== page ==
If you watched the opening ceremony of the Olympics, you would have noticed a segment discussing climate change, accompanied by graphics of CO2 emissions, Arctic sea ice melting, sea level rise and a somewhat familiar spiral representation of rising global temperatures (above), a version of which you may have seen somewhere before.
The Earth hasn’t always been struggling with global warming. Around 34 million years ago at the Eocene-Oligocene Transition (EOT) the Earth was undergoing a period of global cooling. This significant shift in climate led to the formation of the first permanent ice sheets of the Cenozoic Era over Antarctica, as shown by the dramatic shift (in a geologic sense) in the oxygen isotope records . The cooling, likely a result of declining atmospheric carbon dioxide levels but potentially also coinciding with Southern Ocean gateway changes, turned Antarctica from a green forested continent to the land of ice we know today. This is illustrated with an image of how this world might have looked.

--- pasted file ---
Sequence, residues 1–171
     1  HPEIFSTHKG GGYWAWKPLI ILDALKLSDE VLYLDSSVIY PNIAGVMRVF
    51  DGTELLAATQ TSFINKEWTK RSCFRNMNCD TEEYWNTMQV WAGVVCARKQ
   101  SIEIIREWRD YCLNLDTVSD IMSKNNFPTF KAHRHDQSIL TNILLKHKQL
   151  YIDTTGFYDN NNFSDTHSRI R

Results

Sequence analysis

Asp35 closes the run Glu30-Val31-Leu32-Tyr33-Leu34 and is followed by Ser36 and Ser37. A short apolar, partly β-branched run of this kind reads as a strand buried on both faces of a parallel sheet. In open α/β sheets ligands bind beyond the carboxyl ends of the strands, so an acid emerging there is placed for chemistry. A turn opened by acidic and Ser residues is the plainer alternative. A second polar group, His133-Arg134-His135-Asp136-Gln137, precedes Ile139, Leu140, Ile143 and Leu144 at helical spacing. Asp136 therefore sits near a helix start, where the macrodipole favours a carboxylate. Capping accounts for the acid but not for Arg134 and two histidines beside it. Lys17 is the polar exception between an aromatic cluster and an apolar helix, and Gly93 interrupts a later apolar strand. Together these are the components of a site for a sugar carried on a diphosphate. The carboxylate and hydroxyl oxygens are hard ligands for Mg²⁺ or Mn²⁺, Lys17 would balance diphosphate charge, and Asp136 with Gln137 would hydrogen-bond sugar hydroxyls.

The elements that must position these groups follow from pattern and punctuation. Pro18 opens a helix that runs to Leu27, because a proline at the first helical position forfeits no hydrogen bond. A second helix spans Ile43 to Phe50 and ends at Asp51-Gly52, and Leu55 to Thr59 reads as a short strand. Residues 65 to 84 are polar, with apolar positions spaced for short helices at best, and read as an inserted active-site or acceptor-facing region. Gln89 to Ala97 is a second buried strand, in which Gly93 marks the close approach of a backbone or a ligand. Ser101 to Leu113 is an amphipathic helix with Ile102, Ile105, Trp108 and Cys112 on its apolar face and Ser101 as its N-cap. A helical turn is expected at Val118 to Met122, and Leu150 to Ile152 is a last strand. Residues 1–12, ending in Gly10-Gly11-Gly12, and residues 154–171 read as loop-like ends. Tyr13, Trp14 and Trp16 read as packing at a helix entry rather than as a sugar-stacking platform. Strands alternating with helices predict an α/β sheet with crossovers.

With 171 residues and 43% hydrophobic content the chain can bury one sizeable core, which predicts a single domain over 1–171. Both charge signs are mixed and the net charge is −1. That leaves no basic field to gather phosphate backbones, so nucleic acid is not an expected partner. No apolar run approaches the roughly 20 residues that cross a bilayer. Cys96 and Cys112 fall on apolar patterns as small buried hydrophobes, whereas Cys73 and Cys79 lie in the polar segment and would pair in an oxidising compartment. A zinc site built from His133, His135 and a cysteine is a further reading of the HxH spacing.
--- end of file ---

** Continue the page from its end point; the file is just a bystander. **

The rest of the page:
The largest impacts of increases in temperature will not be experienced due to changes in the mean, but by changes in the extremes. This is illustrated using UK heatwaves to show that the number of days which will require preventative action will increase by roughly a factor of 6 for a 2ºC increase in summer temperatures. Continue reading Extreme UK heatwaves→